This story starts in late 2016. I had just moved to Venice, a sun-kissed oceanside neighborhood in LA for a new job. While in an UberPool, nervously waiting to arrive at new hire orientation, I serendipitously ran into a friendly but at the same time reserved girl in the car as one of the other passengers. After some small talk we ended up exchanging phone numbers; it was also her first day at college so we bonded over shared anxiety and eagerness to explore our new city. Our first date seemed different than my previous Tinder dates, it somehow felt effortless and fun. That’s weird because she is from Korea and had only been living in America for a few months, meaning that she was not proficient in English. Since I am Chinese American, we ended up having no languages in common. Are hopelessly doomed, and will be nothing more than a fling?
The rest of this blog will talk about the counterintuitively functional and loving relationship we had; it will also talk about the immense amount that I’ve learned about people and communication from this incredible experience. For the rest of the story, the girl in question will be referred to as “S”.
S not being able to speak English fluently was no problem, in fact, we both came to the conclusion that it largely helped our communication. You see, I normally speak very quickly, to the point of it being uncomforting. Think Jesse Eisenberg in basically every movie he’s in. With S, things are different. If I spoke English to her at the same pace that I normally spoke English, she’d obviously not be able to keep up; hence, for the first time in my life I found myself speaking real slow. Not only did speaking slower make things more romantic, it allowed for us to express way more. Facial emotions! Wild hand gestures! Nonsensical body movements! Think long boring text filled email conversations from the 90s transformed into quick paced snapchat/facebook-esque emoji conversations. We found ourselves having way more fun, I personally haven’t had this much fun with previous girls I’ve dated in the past, all of whom were native English speakers.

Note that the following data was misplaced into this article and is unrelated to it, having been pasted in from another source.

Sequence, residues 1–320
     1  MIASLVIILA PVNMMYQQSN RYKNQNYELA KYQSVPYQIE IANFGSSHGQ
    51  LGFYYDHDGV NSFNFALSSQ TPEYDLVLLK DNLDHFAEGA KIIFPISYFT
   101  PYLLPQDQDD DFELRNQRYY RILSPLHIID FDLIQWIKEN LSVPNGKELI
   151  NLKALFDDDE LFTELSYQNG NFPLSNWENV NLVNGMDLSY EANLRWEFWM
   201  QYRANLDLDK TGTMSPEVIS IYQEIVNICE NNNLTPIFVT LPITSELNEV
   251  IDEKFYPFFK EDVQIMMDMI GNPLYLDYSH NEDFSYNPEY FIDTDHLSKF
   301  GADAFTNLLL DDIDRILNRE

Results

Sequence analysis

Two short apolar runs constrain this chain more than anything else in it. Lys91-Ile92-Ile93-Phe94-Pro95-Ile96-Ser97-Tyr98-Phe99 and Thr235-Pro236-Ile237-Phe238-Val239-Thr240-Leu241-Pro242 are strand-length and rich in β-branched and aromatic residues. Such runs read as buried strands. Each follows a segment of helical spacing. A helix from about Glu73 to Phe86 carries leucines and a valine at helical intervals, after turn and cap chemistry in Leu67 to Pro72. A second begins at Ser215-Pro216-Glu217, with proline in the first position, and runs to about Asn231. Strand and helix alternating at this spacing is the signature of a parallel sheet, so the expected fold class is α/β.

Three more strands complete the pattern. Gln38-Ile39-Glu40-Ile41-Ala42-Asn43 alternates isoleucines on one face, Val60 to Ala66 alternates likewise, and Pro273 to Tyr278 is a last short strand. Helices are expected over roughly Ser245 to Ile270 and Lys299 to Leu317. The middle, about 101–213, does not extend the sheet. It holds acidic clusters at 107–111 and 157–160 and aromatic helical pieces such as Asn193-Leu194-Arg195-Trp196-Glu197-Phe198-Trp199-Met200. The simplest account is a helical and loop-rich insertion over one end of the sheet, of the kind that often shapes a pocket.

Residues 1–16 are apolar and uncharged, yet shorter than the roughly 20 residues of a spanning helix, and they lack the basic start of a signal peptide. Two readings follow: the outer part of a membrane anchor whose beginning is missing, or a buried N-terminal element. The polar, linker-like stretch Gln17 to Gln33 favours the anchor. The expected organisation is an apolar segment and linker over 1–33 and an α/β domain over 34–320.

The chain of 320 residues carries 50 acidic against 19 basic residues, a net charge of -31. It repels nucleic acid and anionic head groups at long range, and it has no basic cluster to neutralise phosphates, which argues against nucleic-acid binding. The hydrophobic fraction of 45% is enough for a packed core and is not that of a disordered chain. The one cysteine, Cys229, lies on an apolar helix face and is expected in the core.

The paradox of culture is that language, the system most frequently used to describe culture, is by nature poorly adapted to this difficult task. It is too linear, not comprehensive enough, too slow, too limited, too constrained, too unnatural, too much of a product of its own evolution, and too artificial.
– Beyond Culture, Edward Hall
Lack of a shared language resulted in less friction between S and I, we were somehow more lighthearted together. Our communication, stripped of complex language, had more of a primal feel to it. For the readers more inclined towards theory: language, especially complex language, acts as an abstraction above our emotions and thoughts. Language serves a valuable purpose in that it lets us serialize, write down, save, and send dense information rich messages. But while language has its purposes, there are also many situations where it can be misused or where other forms of non-verbal communications are more appropriate. A sincere smile will always express more than “I am happy”, some emotions can’t be expressed with words without being distorted. Languages also vastly differ by culture; some words, and hence meanings, don’t exist in certain languages. S and I weren’t working together on a complex project, but we were just dating and falling in love. In previous relationships with native English speaking girls, language would often feel like a rigid structure that kept our emotions and feelings trapped leading to mutual anxiety and bickering.
I have a hypothesis that language is heavily overused and assumed to be the only means of communication in life, relationships, culture, and love. The experiences from above make me think that we should push ourselves to be more creative with our communications.
“93% of all daily communication is nonverbal” – Dr. Albert Mehrabian, author of Silent Messages, conducted several studies on nonverbal communication. He found that 7% of any message is conveyed through words, 38% through certain vocal elements, and 55% through nonverbal elements (facial expressions, gestures, posture, etc). Subtracting the 7% for actual vocal content leaves one with the 93% statistic.
Thanks for reading! If you are interested in these topics: high/low context interactions, non-verbal communications, and culture, check out Edward Hall’s fascinating book that dives far deeper into the subject called Beyond Culture.
Until next time, Lucas